With new manager Mark Stimson raising a few eyebrows signing the likes of Ricky Holmes and Glen Poole (the latter released by the Dons during the summer), a season of struggle always looked likely, and a bad start didn’t entirely help, including a 0-7 defeat at Crewe. A first victory of the season at home to Cheltenham saw Barnet rise out of the bottom four for the first and only time that season. By New Years Day the Bees were stuck in the bottom two, costing Stimson his job.
Paul Fairclough took over, but with wins still hard to come by Barnet took the decision to appoint Martin Allen on 23rd March. Allen presided over three games, a draw with top of the table Chesterfield and victories over Burton and Crewe gave the Bees some hope. Still, they were still in the bottom two, and his controversial departure to Notts County seemed to have dented their chances.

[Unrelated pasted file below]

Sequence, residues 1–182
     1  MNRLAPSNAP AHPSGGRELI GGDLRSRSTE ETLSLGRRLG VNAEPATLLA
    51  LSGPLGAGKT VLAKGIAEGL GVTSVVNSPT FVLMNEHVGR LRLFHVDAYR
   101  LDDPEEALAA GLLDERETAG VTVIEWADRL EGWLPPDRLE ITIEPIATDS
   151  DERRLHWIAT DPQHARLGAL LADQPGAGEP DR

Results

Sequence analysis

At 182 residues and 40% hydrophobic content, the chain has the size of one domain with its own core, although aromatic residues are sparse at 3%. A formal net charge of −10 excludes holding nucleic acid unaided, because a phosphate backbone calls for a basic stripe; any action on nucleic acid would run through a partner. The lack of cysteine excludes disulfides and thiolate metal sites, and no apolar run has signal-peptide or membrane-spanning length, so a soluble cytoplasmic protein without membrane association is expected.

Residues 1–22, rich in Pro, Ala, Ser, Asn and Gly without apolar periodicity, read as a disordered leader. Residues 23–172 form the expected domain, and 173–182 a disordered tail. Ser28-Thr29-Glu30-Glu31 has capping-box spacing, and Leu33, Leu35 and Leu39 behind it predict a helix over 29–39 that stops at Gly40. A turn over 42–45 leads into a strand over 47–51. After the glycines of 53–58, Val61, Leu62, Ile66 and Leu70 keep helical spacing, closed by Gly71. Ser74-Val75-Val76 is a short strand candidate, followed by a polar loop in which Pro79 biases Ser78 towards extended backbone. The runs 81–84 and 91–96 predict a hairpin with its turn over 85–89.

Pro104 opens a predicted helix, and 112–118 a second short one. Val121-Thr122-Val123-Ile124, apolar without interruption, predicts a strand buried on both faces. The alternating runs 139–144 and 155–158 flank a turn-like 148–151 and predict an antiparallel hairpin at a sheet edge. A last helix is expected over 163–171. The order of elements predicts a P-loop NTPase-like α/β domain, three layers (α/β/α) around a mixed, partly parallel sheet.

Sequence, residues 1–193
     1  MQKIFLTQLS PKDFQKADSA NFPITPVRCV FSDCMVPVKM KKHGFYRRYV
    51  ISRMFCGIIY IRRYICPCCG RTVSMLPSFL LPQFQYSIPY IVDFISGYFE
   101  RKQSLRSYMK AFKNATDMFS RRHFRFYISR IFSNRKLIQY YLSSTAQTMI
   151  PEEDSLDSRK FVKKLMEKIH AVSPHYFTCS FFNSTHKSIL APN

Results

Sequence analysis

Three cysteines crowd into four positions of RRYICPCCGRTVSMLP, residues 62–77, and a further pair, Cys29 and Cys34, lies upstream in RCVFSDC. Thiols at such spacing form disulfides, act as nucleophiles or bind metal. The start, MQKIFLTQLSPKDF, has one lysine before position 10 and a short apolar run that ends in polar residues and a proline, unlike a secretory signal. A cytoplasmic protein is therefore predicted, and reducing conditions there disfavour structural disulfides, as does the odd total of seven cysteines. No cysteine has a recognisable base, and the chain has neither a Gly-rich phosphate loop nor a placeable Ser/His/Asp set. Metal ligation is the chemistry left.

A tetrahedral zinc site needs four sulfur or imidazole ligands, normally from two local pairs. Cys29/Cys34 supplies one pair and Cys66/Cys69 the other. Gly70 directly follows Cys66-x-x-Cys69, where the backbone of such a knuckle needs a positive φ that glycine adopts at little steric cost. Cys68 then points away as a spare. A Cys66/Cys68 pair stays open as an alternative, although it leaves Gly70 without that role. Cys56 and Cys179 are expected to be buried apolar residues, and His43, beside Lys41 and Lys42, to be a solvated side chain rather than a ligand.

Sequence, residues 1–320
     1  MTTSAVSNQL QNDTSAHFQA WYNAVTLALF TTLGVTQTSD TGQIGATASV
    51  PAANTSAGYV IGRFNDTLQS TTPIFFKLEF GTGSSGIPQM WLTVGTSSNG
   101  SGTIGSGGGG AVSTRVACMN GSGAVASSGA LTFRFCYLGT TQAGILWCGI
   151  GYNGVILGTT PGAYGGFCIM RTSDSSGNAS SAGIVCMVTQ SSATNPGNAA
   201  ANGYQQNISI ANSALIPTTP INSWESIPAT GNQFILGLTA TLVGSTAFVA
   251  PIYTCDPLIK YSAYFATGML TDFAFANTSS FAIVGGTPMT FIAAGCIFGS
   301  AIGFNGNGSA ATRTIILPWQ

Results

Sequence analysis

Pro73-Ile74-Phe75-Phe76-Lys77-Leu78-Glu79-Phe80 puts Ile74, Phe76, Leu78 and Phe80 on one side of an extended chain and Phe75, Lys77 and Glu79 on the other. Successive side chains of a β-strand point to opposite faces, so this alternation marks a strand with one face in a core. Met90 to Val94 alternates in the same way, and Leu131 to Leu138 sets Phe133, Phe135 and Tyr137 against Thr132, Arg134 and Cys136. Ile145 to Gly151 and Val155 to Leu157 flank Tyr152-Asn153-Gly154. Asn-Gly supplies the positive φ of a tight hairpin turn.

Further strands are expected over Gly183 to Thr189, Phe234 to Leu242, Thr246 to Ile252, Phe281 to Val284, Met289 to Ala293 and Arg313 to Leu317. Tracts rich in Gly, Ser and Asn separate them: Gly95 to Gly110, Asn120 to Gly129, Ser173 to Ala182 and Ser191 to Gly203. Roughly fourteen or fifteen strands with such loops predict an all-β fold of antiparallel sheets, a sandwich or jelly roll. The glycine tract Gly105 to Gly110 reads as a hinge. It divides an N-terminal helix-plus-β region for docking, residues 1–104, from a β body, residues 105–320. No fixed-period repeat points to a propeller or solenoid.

But decent end of season form, including a superb 4-2 win at playoff chasing Gillingham, coupled with the continuing poor form of Lincoln, took the survival battle to the final day. Aldershot easily beat a demoralised Lincoln, but Barnet still had to beat Port Vale, and a 1-0 victory was enough to keep them in the division for another year.
Barnet have had a real headache bringing Underhill up to League status, having seen previous relocation plans blocked, and their local council not exactly bending over backwards to assist (fancy that, a London Borough obstructing the progress of a small football club?). Still, a new stand has risen at the South End of the ground (its capacity of 1016 might give visiting Dons fans an idea of what the KRE stand at Kingsmeadow will look like…).